So from a before and after perspective, we’re not playing telephone anymore, where we're going to take the file and toss it to this person, then toss to the next person, but rather from a technology perspective, the creditor's going to put it into a place where everyone can operate on it seamlessly. And I think that's the difference that we're going to see going forward. It's going to ensure that we're going to be able to have a very compliant and supportable environment.
It's interesting that you talk about centralization as a way to kind of standardize or maybe stabilize the process. Is there more you want to say about that and how that looks different tomorrow than it looked yesterday?
I think a good way to consider this is to look at it through the lens of the compliance being built into the solution. Where historically the creditor would send a file out, they would rely upon their servicers, the firms, and so on to manage it. But think about something like Turbo Tax, which took all the laws, rules, and procedures of the tax code, and basically brought it into a platform where even someone like myself can file my taxes online because they built all that compliance into it. So the actual application itself has these built-in compliance rules, such that anyone who's operating in that environment is picking up the benefit of it.
So rather than having a person say, we sent a demand letter, and let's make sure 35 days from now, not 34 days from now and not 36, that we pick it up. We have a platform that says that was sent in. Now, the suit is going to be filed. It's going to automatically be released -- never a day early, never a day late, always on time. When it comes to things like proving attorney meaningful involvement, if you've got a platform that is able to see and oversee all the processes, it's very easy for them to be able to say, for instance, the attorney looked at this matter for seven minutes while they evaluated the balance and who it was being mailed to, and so on. So it's very easy to approve attorney meaningful involvement and all sorts of other aspects of the business. I think ultimately that's the big difference we're seeing; rather than leaving it to chance and to the individual parties, the creditor is going to be in a position to be able to oversee that. Not force it, but oversee it and make sure everything's being followed in the way they expect it to.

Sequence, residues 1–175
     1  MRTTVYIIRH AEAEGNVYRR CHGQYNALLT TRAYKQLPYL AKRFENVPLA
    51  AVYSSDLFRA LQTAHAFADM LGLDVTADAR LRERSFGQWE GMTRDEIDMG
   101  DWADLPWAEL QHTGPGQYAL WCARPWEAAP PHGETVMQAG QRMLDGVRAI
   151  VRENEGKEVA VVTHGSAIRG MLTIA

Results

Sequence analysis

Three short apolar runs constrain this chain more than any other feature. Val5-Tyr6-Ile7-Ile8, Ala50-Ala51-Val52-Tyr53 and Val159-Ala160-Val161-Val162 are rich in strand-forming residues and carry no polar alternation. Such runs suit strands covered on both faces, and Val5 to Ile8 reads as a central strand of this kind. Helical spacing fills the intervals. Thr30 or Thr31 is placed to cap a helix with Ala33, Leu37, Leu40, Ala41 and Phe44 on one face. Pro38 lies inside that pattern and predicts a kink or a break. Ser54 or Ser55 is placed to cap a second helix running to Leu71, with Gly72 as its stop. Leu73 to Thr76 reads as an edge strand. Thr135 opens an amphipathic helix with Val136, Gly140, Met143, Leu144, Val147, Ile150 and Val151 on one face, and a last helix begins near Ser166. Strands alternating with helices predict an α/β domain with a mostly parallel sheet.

It's really an interesting example, given this current Hunstein situation. We're in a position of having to demonstrate why it's so important for organizations to be able to use outside third-party experts, in this case, technology. If Hunstein goes in a way that we hope it doesn't, what it's basically saying is that every single collection agency needs to become an expert in all of these things. And here's a great example -- You've spent however many years developing this technology to build the compliance in. That's a specialized skill, right? You've spent a long time developing this and to ask every company to duplicate that from scratch…you could say they could buy you. Well, only one company could buy you, and then you're gone. That's it. And all the others don't have it. That's a great example of how specialized these services like you are.
If you go further on that, like what you're seeing with the mailing vendors in this particular case, but it also applies to many of the other activities that we undertake all day. We do scrubs, we do asset searches, we do skip tracing. Those are all specialized skills and we can solve a lot of that problem. And again, as I think the Hunstein case is an interesting one in that they even called out that it potentially is going to cost a lot of money, they don't think that it actually is going to improve privacy at all. So it makes you ask why they did it then, but, irrespective of that, you know, they're just interpreting what they're reading.
I think that, at some point, people (particularly creditors) are going to put their hands up and just say I'm at risk here. And so I'm just going to set a table that I can control and make sure you operate. I'm going to set the dining room table. We're all going to eat at the table. And we're all going to be fed really well. But basically, we're going to set the table with what are the boundaries of what we allow to happen. I think that's going to be good for everybody because ultimately, I think the regulators are really going to be looking at that creditor and that creditor is ultimately going to be responsible for that tree of folks that are underneath them.
Yes, and as we may remember under former CFPB Director Cordray, originally as it relates to debt collection, they were going to write rules for first-parties. They set that aside. The Trump administration didn’t pick it up. I would expect that to be picked up again under this new administration. So, this (your platform) nicely anticipates that.
Absolutely. And again, I think it ultimately comes down to the fact that we have better technologies today, and better -- we'll use the technical term -- it's called "patterns". There are better patterns for solving collaborative problems like this. And, I think Oliver is a step in that direction, establishing a collaborative platform for all of the parties to work together in a compliant, efficient manner to achieve an outcome that we're all after. This is good for all the parties involved, but also for the consumer as well, to make it as palatable as possible.
Yes. Anything that provides consistency in the process is going to be better for the consumer. All right, wonderful Walker. I really appreciate it. It's been a pleasure to get to know you a little bit, and I look forward to talking with you more in the future.
Thank you very much, Stephanie, I appreciate the opportunity today.